• Comment number 42.

    Alex Sabella had to miss Estudiantes friendly game against former club Sheffield United on Sunday to have talks with the Argentinian FA. Sabella had previously said that he would 'love to manager the national team', so it appears that it's only a matter of time before he's announced.

    Also Tim, Sheff Utd have announced a partnership with Estudiantes, can you tell us a bit how this may develop?

    Thank you very much, very nice blog

  • Comment number 43.

    #38

    Palmeiras x Corinthians is undoubtedly the biggest derby in São Paulo, as any supporter of the latter would confirm. The clashes between São Paulo FC and the other two ("Majestoso" vs Corinthians and "Choque-Rei" vs Palmeiras) are indeed full of rivalry as well, but are no match to the one named simply "Derby".

    What is more, Santos is located a mere 60 km away from São Paulo, so Santos FC also has derbies against this trio, frequently quite as hyped as the others.

  • Comment number 44.

    Re: Colombia

    Just a few points from my perspective as I have been living in Bogota for a year now and I'm also an active referee here which is a fantastic experience.

    The big city pattern (or lack of) is very interesting when talking about Colombia. But this structure doesn't just stop at football. Due to the sheer distances involved and lack of adequate transportation infrastructure previously, cities were forced to develop independantely of each other which has created a number of successful cities and consequently football teams.

    Re: 19

    I do see a flip side to the "varied league" suggestion and one that is thrown at the Championship every so often and that is that no one team has the quality to dominate therefore they all turn out to be pretty dire.

    Re: 26

    The Medellin derby is also highly significant and considered by many to be on a par with the Cali derby. I don't know anyone outside of their own fanbase that considers Santa Fe - Millionarios to be of any real significance.

    Historically, Millionarios vs. America was significant but more because of who their owners were...


  • Comment number 45.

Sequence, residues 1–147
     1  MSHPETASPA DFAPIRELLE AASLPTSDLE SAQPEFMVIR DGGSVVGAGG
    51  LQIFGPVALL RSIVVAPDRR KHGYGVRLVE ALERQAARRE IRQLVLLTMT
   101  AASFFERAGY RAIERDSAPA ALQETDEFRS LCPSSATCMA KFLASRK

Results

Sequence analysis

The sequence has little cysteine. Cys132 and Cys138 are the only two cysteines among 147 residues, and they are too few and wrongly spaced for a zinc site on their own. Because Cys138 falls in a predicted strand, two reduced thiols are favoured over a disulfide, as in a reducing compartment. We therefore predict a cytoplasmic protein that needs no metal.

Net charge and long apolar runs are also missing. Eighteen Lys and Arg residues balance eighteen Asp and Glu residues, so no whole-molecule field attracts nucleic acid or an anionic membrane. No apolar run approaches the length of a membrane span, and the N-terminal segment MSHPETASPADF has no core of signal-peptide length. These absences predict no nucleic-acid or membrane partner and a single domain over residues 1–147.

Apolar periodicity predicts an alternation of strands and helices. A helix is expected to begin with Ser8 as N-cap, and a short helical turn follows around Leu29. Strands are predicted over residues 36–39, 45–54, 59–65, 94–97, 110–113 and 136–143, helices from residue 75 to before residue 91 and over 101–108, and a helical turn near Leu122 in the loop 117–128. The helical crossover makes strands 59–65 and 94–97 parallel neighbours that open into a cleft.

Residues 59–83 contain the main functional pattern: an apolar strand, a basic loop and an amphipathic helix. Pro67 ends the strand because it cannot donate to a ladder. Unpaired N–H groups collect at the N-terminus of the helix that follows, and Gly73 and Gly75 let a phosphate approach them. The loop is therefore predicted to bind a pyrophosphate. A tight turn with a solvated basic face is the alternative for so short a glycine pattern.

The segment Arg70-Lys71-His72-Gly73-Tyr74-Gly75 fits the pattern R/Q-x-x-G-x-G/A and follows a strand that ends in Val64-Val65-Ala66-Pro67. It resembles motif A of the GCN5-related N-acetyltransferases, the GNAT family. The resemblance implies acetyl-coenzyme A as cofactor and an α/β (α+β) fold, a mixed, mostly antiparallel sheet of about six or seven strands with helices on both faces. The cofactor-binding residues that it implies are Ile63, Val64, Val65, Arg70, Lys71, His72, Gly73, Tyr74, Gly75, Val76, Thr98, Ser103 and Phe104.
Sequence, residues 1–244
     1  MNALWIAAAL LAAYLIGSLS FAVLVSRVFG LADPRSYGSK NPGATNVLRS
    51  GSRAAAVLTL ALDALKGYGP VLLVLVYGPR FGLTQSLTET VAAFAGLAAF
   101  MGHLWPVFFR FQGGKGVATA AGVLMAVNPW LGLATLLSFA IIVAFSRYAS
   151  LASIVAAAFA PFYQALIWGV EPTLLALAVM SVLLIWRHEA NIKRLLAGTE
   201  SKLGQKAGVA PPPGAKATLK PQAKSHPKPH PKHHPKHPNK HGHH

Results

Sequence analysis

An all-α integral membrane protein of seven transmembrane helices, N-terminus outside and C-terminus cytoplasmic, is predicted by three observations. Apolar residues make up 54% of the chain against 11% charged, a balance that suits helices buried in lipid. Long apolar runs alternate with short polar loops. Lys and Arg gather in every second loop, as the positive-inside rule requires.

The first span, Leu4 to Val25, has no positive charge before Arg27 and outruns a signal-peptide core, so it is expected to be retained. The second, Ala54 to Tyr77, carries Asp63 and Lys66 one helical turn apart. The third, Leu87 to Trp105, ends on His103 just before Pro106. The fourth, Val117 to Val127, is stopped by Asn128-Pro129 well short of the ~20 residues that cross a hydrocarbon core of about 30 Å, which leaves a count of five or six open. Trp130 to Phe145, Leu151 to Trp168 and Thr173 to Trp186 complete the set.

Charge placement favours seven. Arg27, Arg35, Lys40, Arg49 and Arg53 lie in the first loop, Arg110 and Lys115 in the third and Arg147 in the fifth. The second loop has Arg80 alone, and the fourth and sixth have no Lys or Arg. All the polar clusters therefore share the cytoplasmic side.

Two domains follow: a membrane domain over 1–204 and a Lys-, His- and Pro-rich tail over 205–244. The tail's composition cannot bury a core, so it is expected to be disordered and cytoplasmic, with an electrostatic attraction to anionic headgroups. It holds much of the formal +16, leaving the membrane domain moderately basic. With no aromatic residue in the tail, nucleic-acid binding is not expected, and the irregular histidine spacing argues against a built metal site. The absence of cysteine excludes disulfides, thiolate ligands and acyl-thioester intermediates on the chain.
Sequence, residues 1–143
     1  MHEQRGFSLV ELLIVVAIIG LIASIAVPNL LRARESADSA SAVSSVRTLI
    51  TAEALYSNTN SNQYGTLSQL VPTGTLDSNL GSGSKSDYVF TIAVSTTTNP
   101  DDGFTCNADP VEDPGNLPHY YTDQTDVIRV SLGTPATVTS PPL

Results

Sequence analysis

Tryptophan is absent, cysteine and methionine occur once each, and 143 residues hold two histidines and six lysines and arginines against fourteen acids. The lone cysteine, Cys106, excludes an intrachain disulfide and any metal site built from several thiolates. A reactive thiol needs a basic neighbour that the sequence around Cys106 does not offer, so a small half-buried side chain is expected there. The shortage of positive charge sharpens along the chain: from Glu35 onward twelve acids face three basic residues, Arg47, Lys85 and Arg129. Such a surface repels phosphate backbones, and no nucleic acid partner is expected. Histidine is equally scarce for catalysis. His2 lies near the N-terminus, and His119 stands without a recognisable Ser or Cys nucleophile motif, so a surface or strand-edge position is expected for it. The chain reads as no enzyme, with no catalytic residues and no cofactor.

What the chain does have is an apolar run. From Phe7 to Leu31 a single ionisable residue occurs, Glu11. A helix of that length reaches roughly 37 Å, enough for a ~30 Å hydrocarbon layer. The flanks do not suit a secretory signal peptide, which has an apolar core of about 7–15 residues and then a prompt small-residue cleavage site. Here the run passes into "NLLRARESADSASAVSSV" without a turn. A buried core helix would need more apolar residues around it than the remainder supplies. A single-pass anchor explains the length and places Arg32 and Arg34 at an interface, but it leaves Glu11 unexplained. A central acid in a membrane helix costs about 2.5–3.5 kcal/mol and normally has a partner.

Great blog as ever Tim.

    Just a quick question for next time.

    It appears now inevitable that Chelsea will be signing Ramires, and given Ancelotti's love of the diamond formation I was wondering, do you think Ramires will be comfortable playing on the right of such a system? Is he physically and mentally ready for the rigours of the PL? And, as I saw little of him at the WC, just how good is he and can he become?




    Cheers.

  • Comment number 46.

    @27 - You mean two? Only Cabrera and Ramirez can be classed as stars. Most of the big names in pro Yakyuu tend to be from the Dominican Republic.

    Anyways, one big plus that Venezuela currently has is that the Chavez regime really wants to invest big money into the sport. Notably to espouse the sense of pan-Americanism as well as give Venezuela something it can show the world on a big stage. For the most part football in the country was ran as a complete amateur sport played amongst the Italian immigrants and Colombian diaspora along the borders. Now that is all changing. Thanks to hosting the 2007 Copa America they have plenty of new and refurbished stadiums and the domestic game is growing stronger thanks to sponsorship and investment.

    Also a lot of young Venezuelan players are moving abroad (Velazquez Rosales, Romo, Rincon, Vargas, Pena, Rondon etc.) This would have been unthinkable 10 years ago.

    I wouldn't put it past them to qualify for 2014.

  • Comment number 47.

    I went to River vs Boca in October 2008 and the atmosphere was electric. Unfortunately the match was awful, including Riquelme guilty of several missed passes, as it seemed both teams were nervous and River spent much of that championship at the wrong end of the table under Diego Simeone. Boca snatched the title on a playoff, if I remember correctly. I would love to see the same match at La Bombonera, I imagine the atmosphere will be several notches higher than at El Monumental.

    I'd also question the logic of putting Boca fans above an end stand full of River fans. Not often home fans have to cower under the stand to avoid showers of human waste from the away fans. My understanding is at Boca, the away fans are below to feel the full force of Boca fans intimidation.